volcano El Teide…….. To appreciate the sinister side, however, you really need to scale the top of El Teide (the highest mountain on Spanish territory) on a pair of wheels.
I mean, how do you explain to normal human beings that some cyclists love to feel gut-wrenching pain? And for it to go on continuously for 4 or 5 hours at a time? To experience ascents that take you into ever-thinning oxygen levels, but the effort required to continue climbing remains the same? Then, when you are looking forward to the 30 mile downhill from 10,000 ft, your whole body freezes with the inactivity of the descent and the wind-chill, and your hands seize up applying the brakes to prevent yourself going into a head-spin over the side of the mountain? When you get to the bottom of the mountain, you are so chilled to the bone (even though it’s 25C at the bottom) that you struggle to dismount from the bike. You go into the nearest café and order a glass of very hot milk spiked with a large shot of brandy. And when you have thawed out……….. well, of course, as to be expected in a masochist, you begin planning your next ascent from a different side of the mountain ;0) Does this make any sense to anyone?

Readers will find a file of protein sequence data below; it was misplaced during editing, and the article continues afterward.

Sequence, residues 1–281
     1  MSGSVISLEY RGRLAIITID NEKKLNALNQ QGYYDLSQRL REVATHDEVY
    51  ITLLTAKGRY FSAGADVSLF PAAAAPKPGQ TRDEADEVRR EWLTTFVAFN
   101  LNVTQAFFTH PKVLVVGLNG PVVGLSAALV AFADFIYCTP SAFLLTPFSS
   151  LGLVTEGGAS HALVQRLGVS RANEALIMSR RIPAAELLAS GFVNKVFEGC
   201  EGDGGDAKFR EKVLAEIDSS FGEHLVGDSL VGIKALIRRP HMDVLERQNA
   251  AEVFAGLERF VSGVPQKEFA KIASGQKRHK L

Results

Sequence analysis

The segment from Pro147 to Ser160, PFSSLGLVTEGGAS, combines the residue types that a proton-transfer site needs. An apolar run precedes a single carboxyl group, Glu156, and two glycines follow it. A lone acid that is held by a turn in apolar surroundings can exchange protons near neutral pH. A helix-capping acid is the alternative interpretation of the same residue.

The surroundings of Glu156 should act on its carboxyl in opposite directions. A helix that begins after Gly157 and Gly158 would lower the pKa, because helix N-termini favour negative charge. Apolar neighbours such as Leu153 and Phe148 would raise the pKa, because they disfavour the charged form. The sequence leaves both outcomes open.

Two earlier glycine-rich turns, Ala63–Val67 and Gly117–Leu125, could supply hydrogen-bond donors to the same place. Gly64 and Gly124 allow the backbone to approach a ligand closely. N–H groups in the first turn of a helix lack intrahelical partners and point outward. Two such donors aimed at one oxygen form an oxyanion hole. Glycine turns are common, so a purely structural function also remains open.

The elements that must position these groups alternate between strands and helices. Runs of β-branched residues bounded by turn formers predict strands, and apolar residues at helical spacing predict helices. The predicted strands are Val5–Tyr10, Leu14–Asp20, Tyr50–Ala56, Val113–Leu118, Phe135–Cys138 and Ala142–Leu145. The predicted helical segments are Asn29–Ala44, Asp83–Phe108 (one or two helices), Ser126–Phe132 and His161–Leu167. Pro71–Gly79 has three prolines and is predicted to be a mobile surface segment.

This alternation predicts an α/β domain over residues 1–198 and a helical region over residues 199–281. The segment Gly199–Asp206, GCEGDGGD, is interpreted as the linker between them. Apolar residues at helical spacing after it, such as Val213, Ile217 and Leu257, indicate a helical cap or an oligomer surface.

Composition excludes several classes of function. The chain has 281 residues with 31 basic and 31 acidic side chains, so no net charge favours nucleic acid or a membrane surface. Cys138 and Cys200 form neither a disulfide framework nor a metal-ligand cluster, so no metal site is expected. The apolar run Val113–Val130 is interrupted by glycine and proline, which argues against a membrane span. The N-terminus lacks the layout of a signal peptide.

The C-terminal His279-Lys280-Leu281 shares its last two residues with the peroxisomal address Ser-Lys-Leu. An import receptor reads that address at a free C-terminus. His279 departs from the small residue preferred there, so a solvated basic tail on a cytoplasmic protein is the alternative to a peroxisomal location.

During the quiet week before Christmas, when prices were cheap and the numbers of tourist low, I ‘snuck in’ a week before the onset of the festivities. But instead of laboriously packing one of my own bikes, I decided to hire one from a dealer on the island, which actually cost about the same as freight prices for sports equipment. I had ordered an aluminium-framed road bike (for 90 euros) but ‘sadly’ they had to upgrade me to full carbon for the same price. I said to the German dealer: “What a pain!” and he replied “Are you complaining?”. I said “No, it’s just British humour”, to which he retorted “And my reply was just German humour!”
(game, set and match to him……..). If you ever hire a bike on Tenerife, I would highly recommend Bike Point in Playa de las Americas.